Navigating the COVID Pandemic as a Sports Turf Manger

The coronavirus pandemic is unprecedented in our country and industry.  Around the country there are various levels of restrictions as to who is able to work.  For many of us it has meant less time looking over our ballfields.  There are still plenty of things we can be doing if we are working or quarantined at home to be ready when baseball and softball are ready to begin again.


Cultivation Practices

This is the perfect time to think about major cultivation practices. This is also a great time to ensure the cutting blades on your mowers are ready to go, sharpening or replacing as needed.  It is also a time to remember the ⅓ rule.  There will be some that aren’t able to get to fields for some time.  If that is the case, this ⅓ rule is even more important.  What the rule entails, is cutting only ⅓ of the blade length per mow.  Then slowly bringing down the mowing height to the length of the original height of the cut; this process could take several weeks depending on growth rates.

If you are a sports field manager working from home, you can still find productivity by building a maintenance program plan; this could include learning new agronomy or cultivation practices or updating/planning this year’s schedules which could include forecasting of budgets.

This is also a great opportunity to make sure you have all your SDS/MSDS sheets and update pesticide records.

This could be a good time to start thinking about capital improvement projects and creating proposals to present to upper management on any forecasted improvements.


Potential COVID-19 Effects

As a sport turf manager one of the biggest challenges we’ll face immediately after we battle through our hardship, will be bringing these fields back into consistency.  This time of year, the northern climates are coming out of winter and are experiencing a freeze and thaw effect on their skinned areas, which include mounds and home plate areas.  When moisture fills void spaces and crystallizes due to temperatures below freezing, soil structures expand and contract.  It’s important to roll and recompact these areas, high clay content areas like infield skins are built for surface drainage or to withstand high traffic, like batters boxes or mounds. It’s important not to rush this process of recompacting.

In southern states and in the western parts of the country, they’ll be thinking about transition from cool season to warm season grasses. Most will also battle winter annual weeds due to missed application of pre-emergence.  The transition process can be done chemically or manually.  The manual transitioning process can be done by adjusting mowing heights and topdressing. Non-areas of freeze and thaw will be battling rehydration of high clay content areas, which usually takes 48-72 hours. These areas that have arid conditions battle keeping proper hydration all year, new technology is now being used to help solve those problems.

This outbreak could cause some to feel overwhelmed early in the process, please step back and understand this is an unprecedented situation and it’ll take time and patience. Getting fields ready for the season usually takes 1-2 months of preparation; this potentially could be crammed into a 1-2 week period after everyone receives the green light for seasons to resume, especially if you’ve had to stay away from your fields at this point.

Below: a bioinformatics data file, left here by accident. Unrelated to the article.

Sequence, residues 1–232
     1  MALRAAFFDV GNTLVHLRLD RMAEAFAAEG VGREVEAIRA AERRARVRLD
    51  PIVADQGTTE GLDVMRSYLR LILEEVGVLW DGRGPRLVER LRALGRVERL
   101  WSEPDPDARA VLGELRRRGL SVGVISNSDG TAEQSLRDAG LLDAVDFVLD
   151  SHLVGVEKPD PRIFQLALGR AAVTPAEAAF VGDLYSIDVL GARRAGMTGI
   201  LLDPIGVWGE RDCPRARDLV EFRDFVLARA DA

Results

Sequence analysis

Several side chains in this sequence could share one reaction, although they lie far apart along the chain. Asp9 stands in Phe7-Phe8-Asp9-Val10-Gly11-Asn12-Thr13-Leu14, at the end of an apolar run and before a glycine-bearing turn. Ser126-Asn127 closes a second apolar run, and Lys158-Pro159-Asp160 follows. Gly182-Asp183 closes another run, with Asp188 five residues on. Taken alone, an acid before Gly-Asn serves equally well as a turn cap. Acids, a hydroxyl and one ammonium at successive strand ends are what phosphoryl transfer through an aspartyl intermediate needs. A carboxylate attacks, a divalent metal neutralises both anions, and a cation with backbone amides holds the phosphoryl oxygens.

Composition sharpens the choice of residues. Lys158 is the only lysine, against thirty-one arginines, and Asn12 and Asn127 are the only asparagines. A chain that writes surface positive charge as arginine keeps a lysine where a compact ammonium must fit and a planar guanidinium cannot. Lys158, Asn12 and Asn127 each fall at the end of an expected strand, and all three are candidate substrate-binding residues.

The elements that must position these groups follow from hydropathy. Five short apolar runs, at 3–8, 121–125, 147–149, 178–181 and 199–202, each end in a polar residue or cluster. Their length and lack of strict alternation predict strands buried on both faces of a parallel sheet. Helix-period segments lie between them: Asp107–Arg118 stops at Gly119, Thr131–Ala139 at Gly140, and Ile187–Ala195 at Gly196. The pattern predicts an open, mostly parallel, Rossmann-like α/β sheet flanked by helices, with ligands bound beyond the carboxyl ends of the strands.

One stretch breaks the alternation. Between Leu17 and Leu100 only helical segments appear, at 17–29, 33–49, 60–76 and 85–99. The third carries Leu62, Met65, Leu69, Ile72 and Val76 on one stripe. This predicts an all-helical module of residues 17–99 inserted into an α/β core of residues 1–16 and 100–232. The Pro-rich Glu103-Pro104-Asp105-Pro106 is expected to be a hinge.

Some of these key practices will include:

  • Rehydrating soil profiles
  • Finishing last minute maintenance; like edging, bring down heights of cut, soil hydrations and bring nutrient level back to normal
  • Reshaping mounds and bullpens
  • Catching up on nutrients
  • Depending on location, battling potential turf disease and weeds
  • Managing new/veteran staff members

Some other things to consider will be the demand on distributors and manufacturers for product needs.  People need to be prepared for potentially not being able to get material in normal time frames after restrictions are lifted.  Right now would be a good time to reach out to distributors over the phone or email to get your name on the list in order to not fall too far on their back logs.


Stay Safe, Stay Healthy

This has put a huge burden on our families, our economy, and society as a whole.  However, this has also given us a chance to step back and truly think about our daily tasks, bettering our industry and what is truly important in our lives. I look forward to hearing everyone’s stories, please stay safe and healthy! 


Dan worked as a groundskeeper in MiLB and MLB for seven years.  Over that time, he worked with the Great Lake Loons (LA Dodgers affiliate), Texas Rangers as an assistant to Dennis Kline and as a Head Groundskeeper for three of those years with the Dayton Dragons (Cincinnati Reds affiliate).  Over that period of time, he had the opportunity to look over two brand new fields during the renovation processes.  He also has six years of national sales experience in the sports turf industry.  During which, he has continued to consult on multiple levels of playing surfaces. 



About DuraEdge Products

Based in Grove City, PA, DuraEdge Products specializes in the production of top-quality products and services for the baseball and softball industry to provide long-term soil solutions, and to cover all the bases for safe and playable infields for the Sports Turf Industry across the United States and abroad.



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